d shows a thermal image (FLIR E4, FLIR Systems Inc., Wilsonville, OR, USA) of the topside of the dosage plate after applying DC voltage (4 V) to the heaters. Since the heat distribution is not uniform, droplets in the center of the plate tend to evaporate faster than corner droplets due to the higher temperature in the center. The layout of the RTDs was designed in a way to capture all tree temperature zones, ranging from the hottest area (center) to slightly cooler parts (in the middle of the sides) to the sections with the lowest temperature (corners). Considering the symmetry of the temperature distribution, these three points were sufficient to characterize the temperature conditions of the dosage plate.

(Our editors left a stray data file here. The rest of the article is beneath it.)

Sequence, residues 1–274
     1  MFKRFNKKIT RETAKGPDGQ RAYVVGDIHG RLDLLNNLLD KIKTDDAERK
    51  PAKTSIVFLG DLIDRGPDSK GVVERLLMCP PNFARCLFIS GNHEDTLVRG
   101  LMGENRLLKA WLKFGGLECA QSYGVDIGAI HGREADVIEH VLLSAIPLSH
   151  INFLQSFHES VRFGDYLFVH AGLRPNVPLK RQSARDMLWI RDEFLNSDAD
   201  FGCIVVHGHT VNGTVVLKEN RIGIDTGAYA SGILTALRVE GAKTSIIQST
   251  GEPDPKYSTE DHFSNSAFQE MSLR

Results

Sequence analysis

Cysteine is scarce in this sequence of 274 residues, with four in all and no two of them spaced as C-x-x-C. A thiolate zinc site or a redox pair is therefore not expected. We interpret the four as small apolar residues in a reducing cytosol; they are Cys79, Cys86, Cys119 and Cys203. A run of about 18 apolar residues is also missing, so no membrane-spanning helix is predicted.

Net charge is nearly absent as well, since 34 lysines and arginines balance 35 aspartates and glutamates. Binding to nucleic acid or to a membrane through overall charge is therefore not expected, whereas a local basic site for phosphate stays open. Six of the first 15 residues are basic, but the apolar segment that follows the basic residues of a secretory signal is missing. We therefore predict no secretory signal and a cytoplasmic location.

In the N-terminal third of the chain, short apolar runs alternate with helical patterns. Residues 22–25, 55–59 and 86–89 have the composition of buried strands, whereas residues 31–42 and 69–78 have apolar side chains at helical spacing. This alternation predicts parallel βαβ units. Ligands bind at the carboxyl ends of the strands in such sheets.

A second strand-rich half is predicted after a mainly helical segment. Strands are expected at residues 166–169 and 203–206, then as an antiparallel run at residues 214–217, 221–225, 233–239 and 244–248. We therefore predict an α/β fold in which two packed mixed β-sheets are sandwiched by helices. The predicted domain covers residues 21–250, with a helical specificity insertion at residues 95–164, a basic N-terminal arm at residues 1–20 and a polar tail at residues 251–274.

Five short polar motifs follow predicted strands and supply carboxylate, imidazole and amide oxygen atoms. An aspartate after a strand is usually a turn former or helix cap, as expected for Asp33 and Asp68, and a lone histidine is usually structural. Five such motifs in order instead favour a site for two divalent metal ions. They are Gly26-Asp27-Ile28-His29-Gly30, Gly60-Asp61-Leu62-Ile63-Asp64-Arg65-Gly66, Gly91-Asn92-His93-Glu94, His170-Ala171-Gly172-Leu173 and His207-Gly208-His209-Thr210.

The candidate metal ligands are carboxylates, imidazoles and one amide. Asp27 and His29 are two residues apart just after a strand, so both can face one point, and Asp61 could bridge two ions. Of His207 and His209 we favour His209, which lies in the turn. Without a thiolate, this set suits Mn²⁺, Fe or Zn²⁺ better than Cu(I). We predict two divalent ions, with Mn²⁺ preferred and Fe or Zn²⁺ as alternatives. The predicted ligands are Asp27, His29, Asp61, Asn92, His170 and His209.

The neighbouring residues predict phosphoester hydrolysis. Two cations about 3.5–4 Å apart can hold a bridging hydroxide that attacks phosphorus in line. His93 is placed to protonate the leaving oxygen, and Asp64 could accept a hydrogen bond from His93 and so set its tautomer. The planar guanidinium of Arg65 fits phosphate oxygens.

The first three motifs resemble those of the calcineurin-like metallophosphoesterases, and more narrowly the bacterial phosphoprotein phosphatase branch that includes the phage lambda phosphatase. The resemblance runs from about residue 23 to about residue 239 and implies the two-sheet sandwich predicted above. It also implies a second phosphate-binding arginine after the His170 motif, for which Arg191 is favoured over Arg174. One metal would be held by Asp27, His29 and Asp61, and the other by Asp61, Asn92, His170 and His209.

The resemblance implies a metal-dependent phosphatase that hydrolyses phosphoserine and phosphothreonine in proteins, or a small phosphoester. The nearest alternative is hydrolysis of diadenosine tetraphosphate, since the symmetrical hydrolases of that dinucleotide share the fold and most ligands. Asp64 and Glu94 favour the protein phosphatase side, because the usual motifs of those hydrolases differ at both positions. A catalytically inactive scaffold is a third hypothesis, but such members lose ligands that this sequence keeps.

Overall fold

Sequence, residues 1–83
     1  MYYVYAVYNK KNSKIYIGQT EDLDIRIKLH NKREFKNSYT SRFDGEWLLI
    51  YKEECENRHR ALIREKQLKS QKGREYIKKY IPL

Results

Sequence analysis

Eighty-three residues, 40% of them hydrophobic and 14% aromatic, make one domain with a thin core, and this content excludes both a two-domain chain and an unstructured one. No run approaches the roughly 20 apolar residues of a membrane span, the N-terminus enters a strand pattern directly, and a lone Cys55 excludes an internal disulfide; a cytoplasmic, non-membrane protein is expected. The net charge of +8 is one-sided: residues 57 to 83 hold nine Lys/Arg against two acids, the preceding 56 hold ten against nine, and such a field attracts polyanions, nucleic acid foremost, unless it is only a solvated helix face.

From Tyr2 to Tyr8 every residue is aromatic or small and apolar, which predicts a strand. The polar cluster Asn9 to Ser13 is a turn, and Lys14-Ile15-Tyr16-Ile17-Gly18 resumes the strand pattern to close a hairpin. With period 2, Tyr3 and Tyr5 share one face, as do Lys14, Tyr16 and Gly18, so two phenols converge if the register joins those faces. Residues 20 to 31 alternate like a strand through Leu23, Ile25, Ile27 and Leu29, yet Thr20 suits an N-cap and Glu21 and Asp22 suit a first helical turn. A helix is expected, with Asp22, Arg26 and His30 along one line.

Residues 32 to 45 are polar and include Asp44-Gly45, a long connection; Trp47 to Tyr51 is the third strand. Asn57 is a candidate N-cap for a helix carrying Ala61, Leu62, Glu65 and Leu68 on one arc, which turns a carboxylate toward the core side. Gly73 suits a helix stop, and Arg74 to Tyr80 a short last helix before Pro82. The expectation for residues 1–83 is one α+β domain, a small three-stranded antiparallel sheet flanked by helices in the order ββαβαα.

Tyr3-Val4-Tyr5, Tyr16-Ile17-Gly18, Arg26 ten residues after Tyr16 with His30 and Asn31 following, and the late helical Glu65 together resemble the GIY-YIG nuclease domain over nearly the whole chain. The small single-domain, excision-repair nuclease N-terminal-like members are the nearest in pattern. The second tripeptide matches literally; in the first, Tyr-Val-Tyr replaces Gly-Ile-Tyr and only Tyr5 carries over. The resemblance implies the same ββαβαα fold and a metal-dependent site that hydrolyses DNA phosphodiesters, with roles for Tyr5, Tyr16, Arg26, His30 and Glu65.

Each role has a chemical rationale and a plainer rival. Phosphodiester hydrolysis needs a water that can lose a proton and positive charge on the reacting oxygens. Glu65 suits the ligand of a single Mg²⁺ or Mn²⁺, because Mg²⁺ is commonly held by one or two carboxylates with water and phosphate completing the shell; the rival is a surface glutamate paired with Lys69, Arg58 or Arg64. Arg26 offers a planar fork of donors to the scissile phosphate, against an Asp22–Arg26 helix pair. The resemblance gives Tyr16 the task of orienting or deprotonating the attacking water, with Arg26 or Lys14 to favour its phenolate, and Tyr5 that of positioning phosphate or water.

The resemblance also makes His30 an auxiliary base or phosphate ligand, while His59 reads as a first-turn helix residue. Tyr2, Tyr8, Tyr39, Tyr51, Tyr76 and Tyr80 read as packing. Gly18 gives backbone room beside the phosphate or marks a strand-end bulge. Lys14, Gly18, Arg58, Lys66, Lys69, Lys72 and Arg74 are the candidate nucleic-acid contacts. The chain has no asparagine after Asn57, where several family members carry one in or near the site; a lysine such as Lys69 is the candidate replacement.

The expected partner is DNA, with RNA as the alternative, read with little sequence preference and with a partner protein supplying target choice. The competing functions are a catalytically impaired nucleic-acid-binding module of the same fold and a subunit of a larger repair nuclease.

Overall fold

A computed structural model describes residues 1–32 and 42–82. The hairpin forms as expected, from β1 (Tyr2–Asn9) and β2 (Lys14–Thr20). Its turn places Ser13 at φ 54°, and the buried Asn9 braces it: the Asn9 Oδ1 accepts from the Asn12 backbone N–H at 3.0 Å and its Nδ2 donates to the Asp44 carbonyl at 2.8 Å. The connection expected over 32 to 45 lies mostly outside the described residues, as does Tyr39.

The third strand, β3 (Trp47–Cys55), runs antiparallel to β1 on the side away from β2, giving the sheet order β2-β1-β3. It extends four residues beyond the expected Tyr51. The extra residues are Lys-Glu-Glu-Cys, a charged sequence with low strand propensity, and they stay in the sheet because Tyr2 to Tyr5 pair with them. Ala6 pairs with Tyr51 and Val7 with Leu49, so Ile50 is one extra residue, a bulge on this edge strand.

5. Discussion and Conclusions
This work presented a simple setup which is suitable for precise deposition and dosing of homogenous liquids. The dosing was performed by means of droplet evaporation on a superhydrophobic hole plate. Additionally, screen-printed microheaters on the bottom side of this plate were utilized to accelerate the evaporation process significantly without compromising the functionality of the system. The improvement of the total evaporation time could be described by a power law, which is in agreement with findings in the literature concerning similar problems. The relative improvement in total evaporation time due to the heated plate, compared to evaporation at room temperature, was 12.34% (at 29 °C), 43.16% (at 40 °C), 64.76% (at 57 °C), and 79.27% (at 80 °C). The addition of screen-printed temperature sensors helped to monitor the temperature directly on the superhydrophobic plate.
The precision of the presented system can be compared with commercially available systems by introducing the coefficient of variation cv
(which is defined as the ratio of the standard deviation to the mean value). From Table 3